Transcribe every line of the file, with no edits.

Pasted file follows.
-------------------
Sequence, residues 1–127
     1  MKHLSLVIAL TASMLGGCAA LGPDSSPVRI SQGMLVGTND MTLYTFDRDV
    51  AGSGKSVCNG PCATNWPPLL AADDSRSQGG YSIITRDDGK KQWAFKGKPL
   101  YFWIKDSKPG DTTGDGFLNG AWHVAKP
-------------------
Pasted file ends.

Sequence, residues 1–127
     1  MKHLSLVIAL TASMLGGCAA LGPDSSPVRI SQGMLVGTND MTLYTFDRDV
    51  AGSGKSVCNG PCATNWPPLL AADDSRSQGG YSIITRDDGK KQWAFKGKPL
   101  YFWIKDSKPG DTTGDGFLNG AWHVAKP